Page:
Impact of Carbon Pricing on new green technologies

Environmental Economics


Technological breakthroughs in the past had benefited society as whole many benefits. For example, the technological development has solved many problems of hunger, disease and certain types of pollution in the past. The same breakthroughs are necessary as it will be a major reason in resolving the current global warming international environmental problem.

Economic rational of carbon pricing and the evidence of breakthrough technology in practice

In the current energy and climate debate many advocates argue putting a price on carbon emissions through a carbon tax or a cap-and trade system will send proper market signals to entrepreneurs so that they motivate them to develop breakthrough green technologies as alternatives. However, there is no evidence that carbon pricing has produced a surge of new green technologies as alternatives to current form of energy production or consumption in the world. In the past, major breakthroughs in innovative technologies had come from the support of public for early-stage development and markets, and not price signals.  As I argue, there is no reason to believe that the carbon pricing alone will produce new innovative green technologies.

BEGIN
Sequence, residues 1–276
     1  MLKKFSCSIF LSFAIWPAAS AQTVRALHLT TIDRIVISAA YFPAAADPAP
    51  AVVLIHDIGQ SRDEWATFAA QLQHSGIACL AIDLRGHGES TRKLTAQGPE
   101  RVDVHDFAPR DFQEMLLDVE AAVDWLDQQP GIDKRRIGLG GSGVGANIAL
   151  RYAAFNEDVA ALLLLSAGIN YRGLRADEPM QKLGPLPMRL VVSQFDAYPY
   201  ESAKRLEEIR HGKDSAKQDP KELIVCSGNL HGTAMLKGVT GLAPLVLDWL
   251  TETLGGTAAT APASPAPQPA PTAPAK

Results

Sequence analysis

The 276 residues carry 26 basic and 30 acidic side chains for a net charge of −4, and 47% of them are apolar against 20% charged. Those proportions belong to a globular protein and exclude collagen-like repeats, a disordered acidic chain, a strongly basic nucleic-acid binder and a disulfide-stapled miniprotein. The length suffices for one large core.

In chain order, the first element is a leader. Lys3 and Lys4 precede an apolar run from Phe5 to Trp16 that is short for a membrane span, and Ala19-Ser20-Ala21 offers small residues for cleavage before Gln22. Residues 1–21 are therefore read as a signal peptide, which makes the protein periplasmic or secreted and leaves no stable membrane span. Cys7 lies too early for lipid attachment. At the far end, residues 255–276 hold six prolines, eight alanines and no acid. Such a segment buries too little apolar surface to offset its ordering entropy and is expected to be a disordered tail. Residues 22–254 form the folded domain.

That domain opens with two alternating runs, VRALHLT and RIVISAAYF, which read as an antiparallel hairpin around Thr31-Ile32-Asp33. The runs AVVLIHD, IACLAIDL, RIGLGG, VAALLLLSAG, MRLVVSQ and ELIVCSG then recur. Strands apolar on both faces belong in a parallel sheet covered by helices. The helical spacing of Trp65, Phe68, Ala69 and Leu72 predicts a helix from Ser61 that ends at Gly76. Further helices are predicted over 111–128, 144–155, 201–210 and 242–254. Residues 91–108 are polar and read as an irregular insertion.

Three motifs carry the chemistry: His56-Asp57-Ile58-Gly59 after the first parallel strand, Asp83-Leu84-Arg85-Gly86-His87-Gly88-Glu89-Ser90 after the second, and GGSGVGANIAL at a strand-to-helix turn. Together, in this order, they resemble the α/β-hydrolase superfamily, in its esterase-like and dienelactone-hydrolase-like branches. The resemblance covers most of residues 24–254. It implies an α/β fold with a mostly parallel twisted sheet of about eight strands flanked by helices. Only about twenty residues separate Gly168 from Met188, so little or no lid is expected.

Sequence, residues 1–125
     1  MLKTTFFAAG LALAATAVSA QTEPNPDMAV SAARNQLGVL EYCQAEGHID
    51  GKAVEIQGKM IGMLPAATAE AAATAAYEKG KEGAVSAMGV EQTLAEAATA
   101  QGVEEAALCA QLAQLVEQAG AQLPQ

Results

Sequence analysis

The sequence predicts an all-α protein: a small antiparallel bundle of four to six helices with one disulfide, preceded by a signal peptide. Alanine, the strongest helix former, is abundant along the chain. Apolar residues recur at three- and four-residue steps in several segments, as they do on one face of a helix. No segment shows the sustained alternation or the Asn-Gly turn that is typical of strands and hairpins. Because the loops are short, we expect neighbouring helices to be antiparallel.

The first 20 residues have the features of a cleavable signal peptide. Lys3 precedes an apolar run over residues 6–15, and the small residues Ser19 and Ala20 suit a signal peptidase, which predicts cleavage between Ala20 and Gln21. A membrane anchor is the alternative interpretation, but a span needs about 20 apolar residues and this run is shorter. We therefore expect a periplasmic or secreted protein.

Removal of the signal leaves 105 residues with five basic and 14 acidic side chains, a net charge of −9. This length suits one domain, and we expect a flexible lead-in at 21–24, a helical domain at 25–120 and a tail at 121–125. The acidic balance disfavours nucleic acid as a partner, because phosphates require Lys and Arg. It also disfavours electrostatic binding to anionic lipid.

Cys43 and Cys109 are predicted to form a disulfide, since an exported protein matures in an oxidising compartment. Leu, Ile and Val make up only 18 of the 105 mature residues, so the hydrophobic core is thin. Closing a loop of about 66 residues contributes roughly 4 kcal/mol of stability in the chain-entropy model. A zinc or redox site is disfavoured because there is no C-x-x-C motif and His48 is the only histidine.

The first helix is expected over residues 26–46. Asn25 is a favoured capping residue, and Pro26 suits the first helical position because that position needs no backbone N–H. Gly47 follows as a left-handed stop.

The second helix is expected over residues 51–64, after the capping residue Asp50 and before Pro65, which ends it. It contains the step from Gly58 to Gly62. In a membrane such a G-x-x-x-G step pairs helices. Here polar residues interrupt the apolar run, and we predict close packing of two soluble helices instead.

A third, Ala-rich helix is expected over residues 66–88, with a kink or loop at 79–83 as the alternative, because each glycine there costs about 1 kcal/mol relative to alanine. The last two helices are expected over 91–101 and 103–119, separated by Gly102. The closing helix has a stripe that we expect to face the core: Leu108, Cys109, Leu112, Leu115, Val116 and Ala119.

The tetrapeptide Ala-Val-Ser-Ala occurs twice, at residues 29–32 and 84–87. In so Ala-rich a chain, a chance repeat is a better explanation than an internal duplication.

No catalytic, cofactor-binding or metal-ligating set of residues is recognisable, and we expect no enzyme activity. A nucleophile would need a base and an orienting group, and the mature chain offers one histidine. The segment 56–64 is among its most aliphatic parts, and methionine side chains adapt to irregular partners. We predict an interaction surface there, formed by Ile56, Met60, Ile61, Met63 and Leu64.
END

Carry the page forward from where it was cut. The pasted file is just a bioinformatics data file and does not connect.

Oversimplified understanding the drivers of breakthrough technologies

Green technological innovation is needed for several reasons.  To avoid the worst impact of climate change, global emissions should be at least halved by 2050. In addition, the global population